I am horrified at the implications that the poster Doug would advocate an legal position that involves an emotional, personal (even vengeful) response to a crime. To do so is to throw out principles of blind justice and threaten the very idea of society based on individual rights. Therein lies the destruction of individual liberty. To do so is to start down a slippery slope that paves the way for a (already increasingly) fascist State.

  • Craig

    The problem with Gitmo was not lack of POW or civilian status for inmates, or being located in Cuba, it was simply the lack of some sort of hearing to determine if prisoners deserved enemy combatant status. Eventually, the combat status review tribunal was put into effect, but the Supreme Court squashed that idea, which is why we are here now with detainee access to US courts. Eventually, Gitmo as a symbol became untenable, so the prisoners have to be moved, even if we eliminate lack of due process.

  • Mark

    Again, most of the "civilized" world recognizes that an enemy combatant, such as a spy, is to be given a MILITARY trial and then, if convicted, to be executed. The British and French surely follow this practice. The Russians and Chinese follow even more limited safe guards.

    The United States has went way beyond any other country (look how the British treat Irish terrorist or the French Algerian). For any of these nations to criticize our conduct is not just hypocrcy but a joke. That Obama is intimidated by this "world opininion: shows his weakness, not his strength.

  • Gil

    As others have pointed out - they're enemy combatants not POWs. They don't follow the rules of war so they don't get basic rights of POWs.

    On the other hand, the law system is a system of best determining if someone's guilty or innocent. Sometimes an innocent person is going to get jailed and a dangerous criminal is let off because of lack of evidence. However I doubt any Western system is obliged to release prisoners based on the principle they "might be innocent". I believe once you're convicted you're now "guily until proven innocent". Can't yet prove you're innocent? Back to your cell.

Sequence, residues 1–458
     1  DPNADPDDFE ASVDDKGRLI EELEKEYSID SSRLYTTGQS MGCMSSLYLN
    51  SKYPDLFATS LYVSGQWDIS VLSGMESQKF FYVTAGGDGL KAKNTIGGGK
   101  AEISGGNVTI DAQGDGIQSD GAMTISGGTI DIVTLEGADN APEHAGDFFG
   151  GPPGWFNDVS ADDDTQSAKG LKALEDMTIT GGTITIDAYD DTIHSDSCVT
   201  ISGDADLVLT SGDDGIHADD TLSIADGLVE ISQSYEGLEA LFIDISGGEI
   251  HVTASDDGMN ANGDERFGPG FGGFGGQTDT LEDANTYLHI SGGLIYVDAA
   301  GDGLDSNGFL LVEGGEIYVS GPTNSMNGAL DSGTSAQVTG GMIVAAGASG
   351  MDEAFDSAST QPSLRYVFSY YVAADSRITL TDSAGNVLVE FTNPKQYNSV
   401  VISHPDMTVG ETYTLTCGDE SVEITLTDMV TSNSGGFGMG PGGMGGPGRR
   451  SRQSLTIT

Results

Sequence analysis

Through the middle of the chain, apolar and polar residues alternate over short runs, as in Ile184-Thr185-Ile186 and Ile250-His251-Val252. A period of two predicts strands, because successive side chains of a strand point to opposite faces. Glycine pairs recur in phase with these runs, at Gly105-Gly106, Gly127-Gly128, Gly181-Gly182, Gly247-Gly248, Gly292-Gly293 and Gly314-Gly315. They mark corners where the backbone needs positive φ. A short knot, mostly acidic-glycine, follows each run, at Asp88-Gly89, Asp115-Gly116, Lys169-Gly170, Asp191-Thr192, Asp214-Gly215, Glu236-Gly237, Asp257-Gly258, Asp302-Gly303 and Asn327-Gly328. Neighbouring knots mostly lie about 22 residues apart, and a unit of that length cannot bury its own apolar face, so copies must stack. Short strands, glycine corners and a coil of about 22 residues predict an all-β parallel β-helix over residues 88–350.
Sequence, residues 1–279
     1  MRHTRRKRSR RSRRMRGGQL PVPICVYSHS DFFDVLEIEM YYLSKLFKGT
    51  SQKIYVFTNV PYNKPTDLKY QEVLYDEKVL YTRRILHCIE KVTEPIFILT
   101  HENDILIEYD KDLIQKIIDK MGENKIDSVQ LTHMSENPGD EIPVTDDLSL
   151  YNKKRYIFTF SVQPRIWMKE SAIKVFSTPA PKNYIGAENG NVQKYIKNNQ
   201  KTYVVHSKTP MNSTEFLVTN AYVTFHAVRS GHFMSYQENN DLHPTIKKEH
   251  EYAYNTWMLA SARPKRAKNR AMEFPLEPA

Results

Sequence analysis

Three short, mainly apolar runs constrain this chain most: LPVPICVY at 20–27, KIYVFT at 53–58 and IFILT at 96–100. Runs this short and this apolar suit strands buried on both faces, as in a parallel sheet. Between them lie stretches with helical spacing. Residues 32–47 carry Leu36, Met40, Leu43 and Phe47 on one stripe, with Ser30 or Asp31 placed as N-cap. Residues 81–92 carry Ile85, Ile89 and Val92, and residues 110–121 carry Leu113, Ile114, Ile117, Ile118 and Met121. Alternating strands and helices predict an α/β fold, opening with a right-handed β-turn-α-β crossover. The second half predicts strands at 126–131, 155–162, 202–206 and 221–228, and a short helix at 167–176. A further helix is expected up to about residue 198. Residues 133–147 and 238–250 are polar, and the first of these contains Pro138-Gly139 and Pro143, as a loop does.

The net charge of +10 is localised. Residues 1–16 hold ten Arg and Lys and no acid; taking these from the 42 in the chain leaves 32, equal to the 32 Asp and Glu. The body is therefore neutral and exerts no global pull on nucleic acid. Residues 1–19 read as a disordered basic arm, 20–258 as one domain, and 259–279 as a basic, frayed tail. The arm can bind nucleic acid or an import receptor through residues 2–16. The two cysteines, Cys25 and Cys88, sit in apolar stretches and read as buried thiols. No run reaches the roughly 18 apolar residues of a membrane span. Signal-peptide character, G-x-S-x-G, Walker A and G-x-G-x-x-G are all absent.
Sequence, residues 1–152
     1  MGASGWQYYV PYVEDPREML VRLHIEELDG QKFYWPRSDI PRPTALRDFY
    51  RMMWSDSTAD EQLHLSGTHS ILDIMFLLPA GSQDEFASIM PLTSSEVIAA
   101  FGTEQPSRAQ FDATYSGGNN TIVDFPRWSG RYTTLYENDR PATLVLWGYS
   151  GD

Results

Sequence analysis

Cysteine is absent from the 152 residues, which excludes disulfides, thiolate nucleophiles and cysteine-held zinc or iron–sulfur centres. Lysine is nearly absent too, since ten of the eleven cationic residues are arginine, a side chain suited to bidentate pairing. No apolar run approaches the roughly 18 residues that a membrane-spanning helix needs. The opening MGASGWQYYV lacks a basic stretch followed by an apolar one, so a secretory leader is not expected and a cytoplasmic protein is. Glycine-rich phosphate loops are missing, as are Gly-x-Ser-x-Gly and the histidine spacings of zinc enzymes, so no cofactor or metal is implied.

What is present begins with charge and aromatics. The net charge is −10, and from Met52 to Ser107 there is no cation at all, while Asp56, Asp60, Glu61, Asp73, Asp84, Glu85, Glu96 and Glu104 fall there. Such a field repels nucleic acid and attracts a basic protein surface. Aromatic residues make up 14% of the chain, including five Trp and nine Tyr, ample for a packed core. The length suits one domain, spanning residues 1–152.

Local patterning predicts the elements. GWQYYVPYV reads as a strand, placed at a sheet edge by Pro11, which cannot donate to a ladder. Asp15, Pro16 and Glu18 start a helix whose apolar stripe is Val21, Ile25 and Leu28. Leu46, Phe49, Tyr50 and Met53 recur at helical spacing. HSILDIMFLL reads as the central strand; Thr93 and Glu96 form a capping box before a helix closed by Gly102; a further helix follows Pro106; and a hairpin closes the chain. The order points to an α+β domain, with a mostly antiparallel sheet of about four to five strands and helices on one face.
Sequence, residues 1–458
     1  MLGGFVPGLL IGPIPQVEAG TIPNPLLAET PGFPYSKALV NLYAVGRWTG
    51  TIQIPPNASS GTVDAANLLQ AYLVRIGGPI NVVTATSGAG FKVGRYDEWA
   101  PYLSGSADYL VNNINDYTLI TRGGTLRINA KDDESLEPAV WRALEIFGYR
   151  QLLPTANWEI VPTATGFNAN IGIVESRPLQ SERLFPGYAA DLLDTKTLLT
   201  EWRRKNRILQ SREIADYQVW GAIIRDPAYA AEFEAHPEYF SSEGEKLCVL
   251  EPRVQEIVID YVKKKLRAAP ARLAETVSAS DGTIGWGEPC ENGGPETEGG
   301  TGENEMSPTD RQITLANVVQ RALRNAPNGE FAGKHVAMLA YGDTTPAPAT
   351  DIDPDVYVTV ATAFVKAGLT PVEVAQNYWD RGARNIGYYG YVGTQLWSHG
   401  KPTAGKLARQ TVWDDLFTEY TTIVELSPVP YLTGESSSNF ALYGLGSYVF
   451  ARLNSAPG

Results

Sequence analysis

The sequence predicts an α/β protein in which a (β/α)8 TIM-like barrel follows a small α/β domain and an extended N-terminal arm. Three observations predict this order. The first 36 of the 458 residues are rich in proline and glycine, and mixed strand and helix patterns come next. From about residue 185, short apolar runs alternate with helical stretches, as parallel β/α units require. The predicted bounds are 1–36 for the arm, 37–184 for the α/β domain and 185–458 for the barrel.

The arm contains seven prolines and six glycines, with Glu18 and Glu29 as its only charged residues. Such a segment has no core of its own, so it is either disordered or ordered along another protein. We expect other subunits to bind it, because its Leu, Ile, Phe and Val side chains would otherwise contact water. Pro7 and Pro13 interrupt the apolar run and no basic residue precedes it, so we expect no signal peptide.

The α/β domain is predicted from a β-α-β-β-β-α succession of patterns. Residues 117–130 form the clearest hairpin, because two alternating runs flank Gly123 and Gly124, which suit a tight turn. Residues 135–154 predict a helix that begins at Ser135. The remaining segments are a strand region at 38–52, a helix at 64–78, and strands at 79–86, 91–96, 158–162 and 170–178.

Similarly, it akin to the false notion presented in "Rambo 2" - the notion that a military is obliged to rescue any prisoners who are captured by the enemy. In reality, a military leader isn't obliged to risk the lives of more soldiers to rescue others.

  • http://www.ilovebenefits.wordpress.com ilovebenefits

    Okay, but war is being fought differently now. We don't line up in rows and fire volleys.

  • Michael Miller

    The status of these people needs to be properly defined before any legal steps can be taken. Are they pows under the geneva convention? Are they criminals, terrorists or enemy combatants? What Courts have lawful jurisdiction over them? None of this has been defined, or properly considered.

    Personally, I do not believe that these people are entitled to be protected under laws designed to protect the rights guaranteed to US citizens under the US Constitution.

    I do believe that these people should have some basic human rights recognized, but that justice for these people should be handled by the military, and in military courts only. They are not entitled by the Constitution to anything else.

  • Michael B Babbitt

    Perhaps, like the spies in the past, we should shoot them on the spot. Or send a drone over them like we are doing in Yemen and in Afghanistan. Now, there's your due process argument -- whose innocent, whose guilty? Where's their attorney? Sorry, but war is different that looking for criminals. And I completely disagree with your argument using the assumption of innocence as the starting point; saving the lives of your countrymen is more important. Otherwise, you will lose a war that way. We already are suffering greatly from the releases we already have allowed.And they were evaluated by experts! Locking them up as they are with military tribunals with swift but fair trials is perhaps the best we have.

  • James L Burns